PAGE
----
Mythgard is a free to play, online card collecting game (CCG) for PC and mobile platforms. The game is currently in early access, but has received consistent patch support. The developers over at Rhino Games Inc. have also been very transparent in terms of changes being made and future features that will be implemented, although a set release window has yet to be shared.


When Myths Collide

The world of Mythgard is a concept we’ve seen before. The gods of many different mythologies all coexist, along with humans. However, the way they present this topic is unique itself. The most powerful of gods have long killed each other off, placing lesser entities into conflict with humans and the rise of technology. The gods of the world are steadily becoming less special, as human knowledge and inventions expand.

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Much of the games setting takes place in a seemingly lawless land, with post apocalyptic-esque aesthetics. Though it isn’t clearly stated if a world ending event ever occurred. The story puts you in the shoes of many different characters, from gods, to humans, to beasts.


Currently, only chapter one is available to play. So, there isn’t much to go off of. From what we have seen, the story is certainly interesting, and well written for the most part. Some dialogue feels awkward at times, but otherwise, they manage to intertwine these many narratives in a way that isn’t jarring for the player.


Plus, since they mix up whose story you’re following, it means you are consistently using different decks, and facing different enemies. This keeps the game play interesting, and means the story is simultaneously teaching you how to play all deck styles. Which is great.

Cards, Tridents, and Lanes

Most CCG games utilize lane based combat. These lanes are where your minions are placed, they decide what enemies you can attack, and also limit different types of enchantments. However, the game also implements tridents. Meaning, your minions can only attack the space directly in front them, and its two adjacent spaces. This forms a trident of attack. In order to attack your opponent directly, you have to remove all enemies from your trident.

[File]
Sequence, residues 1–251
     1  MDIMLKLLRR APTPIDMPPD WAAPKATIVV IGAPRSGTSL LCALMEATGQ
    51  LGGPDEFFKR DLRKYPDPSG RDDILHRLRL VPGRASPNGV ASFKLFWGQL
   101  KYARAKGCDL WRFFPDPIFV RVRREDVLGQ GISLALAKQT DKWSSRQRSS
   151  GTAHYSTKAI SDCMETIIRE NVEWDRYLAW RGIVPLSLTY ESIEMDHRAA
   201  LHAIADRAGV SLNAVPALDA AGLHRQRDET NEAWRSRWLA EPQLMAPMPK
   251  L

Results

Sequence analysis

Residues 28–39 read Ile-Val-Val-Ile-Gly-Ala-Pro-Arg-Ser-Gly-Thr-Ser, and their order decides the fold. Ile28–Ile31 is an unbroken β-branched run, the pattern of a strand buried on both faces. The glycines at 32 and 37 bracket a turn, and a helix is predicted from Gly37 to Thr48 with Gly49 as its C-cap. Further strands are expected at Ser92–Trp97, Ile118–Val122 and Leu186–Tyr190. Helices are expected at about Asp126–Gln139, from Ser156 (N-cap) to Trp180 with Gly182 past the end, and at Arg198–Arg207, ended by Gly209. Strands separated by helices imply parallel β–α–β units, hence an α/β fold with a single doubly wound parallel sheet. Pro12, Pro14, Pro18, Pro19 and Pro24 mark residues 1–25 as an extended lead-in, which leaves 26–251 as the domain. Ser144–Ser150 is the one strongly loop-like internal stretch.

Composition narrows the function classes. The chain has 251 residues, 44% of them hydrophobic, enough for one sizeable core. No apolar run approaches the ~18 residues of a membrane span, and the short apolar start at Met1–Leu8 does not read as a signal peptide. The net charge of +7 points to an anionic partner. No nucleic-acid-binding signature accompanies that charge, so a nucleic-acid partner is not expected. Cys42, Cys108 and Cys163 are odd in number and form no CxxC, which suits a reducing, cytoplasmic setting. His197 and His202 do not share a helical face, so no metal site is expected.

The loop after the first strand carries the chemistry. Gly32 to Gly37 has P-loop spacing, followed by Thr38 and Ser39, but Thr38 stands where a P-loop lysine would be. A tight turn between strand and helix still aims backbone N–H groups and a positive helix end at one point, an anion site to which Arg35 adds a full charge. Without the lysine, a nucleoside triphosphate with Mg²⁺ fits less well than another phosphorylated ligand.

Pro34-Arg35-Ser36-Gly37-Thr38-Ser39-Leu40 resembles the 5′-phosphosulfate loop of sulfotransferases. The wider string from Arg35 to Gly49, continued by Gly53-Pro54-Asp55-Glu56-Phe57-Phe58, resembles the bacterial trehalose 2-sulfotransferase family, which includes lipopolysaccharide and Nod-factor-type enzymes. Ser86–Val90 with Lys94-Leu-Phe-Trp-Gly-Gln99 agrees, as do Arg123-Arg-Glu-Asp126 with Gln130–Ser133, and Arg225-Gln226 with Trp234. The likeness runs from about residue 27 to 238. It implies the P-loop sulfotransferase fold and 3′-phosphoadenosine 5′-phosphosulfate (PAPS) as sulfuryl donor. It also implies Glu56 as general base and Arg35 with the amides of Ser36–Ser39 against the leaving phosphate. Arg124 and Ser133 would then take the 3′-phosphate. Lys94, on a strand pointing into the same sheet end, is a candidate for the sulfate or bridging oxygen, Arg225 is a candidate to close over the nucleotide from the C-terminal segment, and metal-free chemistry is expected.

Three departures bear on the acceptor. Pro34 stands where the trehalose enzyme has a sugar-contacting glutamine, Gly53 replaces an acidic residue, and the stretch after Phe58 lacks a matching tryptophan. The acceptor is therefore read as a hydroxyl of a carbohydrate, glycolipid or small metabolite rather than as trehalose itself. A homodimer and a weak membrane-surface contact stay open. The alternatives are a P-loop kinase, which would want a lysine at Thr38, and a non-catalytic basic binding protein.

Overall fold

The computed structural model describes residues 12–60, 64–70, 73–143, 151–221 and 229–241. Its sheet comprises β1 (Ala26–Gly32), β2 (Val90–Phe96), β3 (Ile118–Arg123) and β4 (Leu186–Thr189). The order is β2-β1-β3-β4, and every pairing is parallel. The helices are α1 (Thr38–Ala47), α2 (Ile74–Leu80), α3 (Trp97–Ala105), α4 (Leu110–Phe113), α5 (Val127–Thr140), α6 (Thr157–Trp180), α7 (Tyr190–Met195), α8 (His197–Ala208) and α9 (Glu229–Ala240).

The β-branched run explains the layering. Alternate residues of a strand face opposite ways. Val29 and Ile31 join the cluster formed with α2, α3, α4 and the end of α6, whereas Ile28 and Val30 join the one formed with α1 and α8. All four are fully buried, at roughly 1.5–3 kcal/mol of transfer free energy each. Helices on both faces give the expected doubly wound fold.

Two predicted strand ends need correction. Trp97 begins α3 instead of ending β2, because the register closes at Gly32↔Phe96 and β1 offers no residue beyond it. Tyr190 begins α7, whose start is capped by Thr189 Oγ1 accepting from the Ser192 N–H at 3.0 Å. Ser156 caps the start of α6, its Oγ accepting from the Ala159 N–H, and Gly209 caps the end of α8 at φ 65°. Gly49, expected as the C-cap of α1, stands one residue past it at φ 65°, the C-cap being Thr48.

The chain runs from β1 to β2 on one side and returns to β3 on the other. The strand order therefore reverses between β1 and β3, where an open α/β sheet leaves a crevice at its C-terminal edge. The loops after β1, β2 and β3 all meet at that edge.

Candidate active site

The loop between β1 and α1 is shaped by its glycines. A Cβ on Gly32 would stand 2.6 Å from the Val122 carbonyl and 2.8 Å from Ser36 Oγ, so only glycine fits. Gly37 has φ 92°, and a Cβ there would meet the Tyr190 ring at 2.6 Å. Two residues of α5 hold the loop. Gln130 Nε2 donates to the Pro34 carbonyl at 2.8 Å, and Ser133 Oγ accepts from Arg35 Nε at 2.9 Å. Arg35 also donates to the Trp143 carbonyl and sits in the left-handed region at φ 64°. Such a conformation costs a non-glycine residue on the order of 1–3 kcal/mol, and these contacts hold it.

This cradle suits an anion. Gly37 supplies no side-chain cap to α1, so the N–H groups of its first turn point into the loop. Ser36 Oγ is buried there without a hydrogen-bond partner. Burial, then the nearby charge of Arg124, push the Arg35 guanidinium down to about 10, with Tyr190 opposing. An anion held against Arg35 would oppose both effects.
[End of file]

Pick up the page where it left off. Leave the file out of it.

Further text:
There are many reasons for this, and ways to do it. The trident based combat allows for blocking and dodging mechanics that manage to streamline the game, without over complicating it. You can also use move your characters using their action, to try and get around your enemies, if you cannot defeat them. This helps eliminate phases but keeps fast paced, strategic combat.


There’s a lot this game does great. Allowing you the freedom to make your decks, by combining any types of cards you want. A two resource system that is a lot more smooth than games like Magic the Gathering. It eliminates the need to “tap” resources to use them, as each resource can only be used a certain way. I love CCG games, but games like MTG are very tedious, and sucks out the fun for me. Mythgard manages to implement a system much like MTG, while making it simpler to use, without negatively effecting the difficulty or strategy of the game.

Modes, On Modes, On Modes

The game has a ton of modes. The modes have a surprising amount of replay value as well. Mythgard has a story mode, a PvE Brawl, casual PvP, Ranked PvP, 2v2, Puzzles, PvE Draft Gauntlet, PvP Draft Arena, and more ar expected to come with the full release. That’s a lot of game for a free to play game.